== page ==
Did someone say something about manufactured drama? I liked these shows mainly because I love Halloween. I was really interested in the history of the places they would investigate and the spooky aspects of them. So I was pretty into these shows for a while, and even went on a real-life dumb paranormal investigation (spoiler: we found nothing). I don’t even believe in ghosts or the afterlife, I just like the whole horror aspect of all of it. But then, these shows just got awful. For Ghost Hunters, the kicker for me was the 2008 Halloween Special, when one of the lead guys, Grant, clearly faked a ghost tugging on his jacket. It was so obvious and horrible, and coupled with the fact that I found everyone on that show to be kind of a douche, I checked out. Ghost Adventures I liked better, because the group was more entertaining, and the format was a lot more informative, and they seemed to be really into it. But as the seasons wore on it got hokier and hokier (consistently integrating dumb things such as psychics and possessions) and the guys, especially Zak, were overflowing with douchiness, so I lost interest.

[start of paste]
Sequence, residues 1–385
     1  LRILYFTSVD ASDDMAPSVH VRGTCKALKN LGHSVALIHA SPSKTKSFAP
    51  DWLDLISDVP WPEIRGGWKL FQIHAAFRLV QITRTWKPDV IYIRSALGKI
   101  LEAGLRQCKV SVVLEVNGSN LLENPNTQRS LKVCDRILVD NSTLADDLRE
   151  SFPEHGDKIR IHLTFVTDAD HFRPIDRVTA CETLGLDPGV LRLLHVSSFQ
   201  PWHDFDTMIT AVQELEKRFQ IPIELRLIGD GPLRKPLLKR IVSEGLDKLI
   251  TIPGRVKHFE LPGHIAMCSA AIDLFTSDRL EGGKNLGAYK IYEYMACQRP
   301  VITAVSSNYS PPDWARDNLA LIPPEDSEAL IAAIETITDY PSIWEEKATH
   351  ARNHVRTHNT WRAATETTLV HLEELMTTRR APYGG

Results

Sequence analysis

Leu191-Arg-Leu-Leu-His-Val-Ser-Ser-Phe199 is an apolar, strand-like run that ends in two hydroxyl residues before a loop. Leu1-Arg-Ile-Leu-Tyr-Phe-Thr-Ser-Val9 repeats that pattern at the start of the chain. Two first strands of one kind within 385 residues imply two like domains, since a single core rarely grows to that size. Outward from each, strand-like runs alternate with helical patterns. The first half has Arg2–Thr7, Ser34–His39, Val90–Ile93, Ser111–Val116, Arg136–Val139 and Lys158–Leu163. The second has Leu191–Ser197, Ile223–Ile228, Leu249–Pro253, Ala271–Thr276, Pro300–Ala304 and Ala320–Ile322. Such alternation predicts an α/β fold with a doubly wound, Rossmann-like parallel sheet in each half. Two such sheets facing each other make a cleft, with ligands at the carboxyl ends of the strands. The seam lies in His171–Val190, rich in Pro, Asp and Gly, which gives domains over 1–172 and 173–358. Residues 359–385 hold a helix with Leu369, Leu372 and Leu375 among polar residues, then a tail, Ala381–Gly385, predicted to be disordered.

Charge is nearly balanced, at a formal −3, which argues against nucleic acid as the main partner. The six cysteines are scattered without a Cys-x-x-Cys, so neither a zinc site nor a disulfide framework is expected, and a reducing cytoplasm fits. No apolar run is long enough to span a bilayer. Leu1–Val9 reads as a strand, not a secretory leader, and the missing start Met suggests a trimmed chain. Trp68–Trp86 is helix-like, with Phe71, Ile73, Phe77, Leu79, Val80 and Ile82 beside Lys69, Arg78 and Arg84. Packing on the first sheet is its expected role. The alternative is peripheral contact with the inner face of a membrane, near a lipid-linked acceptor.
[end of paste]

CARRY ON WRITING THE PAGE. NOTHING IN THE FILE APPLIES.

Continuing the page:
When I Bailed: After Season 3
I love the first season of this show. It’s completely ridiculous, but always entertaining. If it had only existed for that one season, it would be pretty fondly remembered. Then in season 2, the prison break has already happened, so it’s just about the escapees being fugitives, and it kind of stunk. Season 3 went back to a chaotic prison, and it was better than season 2, but didn’t hold a candle to the first season. By the end it was heavily into government conspiracies that nobody cared about and I was out. And judging by the fourth season apparently being about these prison escapees now being the Mission Impossible A-Team, I made the right call.
24 (Season 6)
When I Bailed: About 3/4s of the way through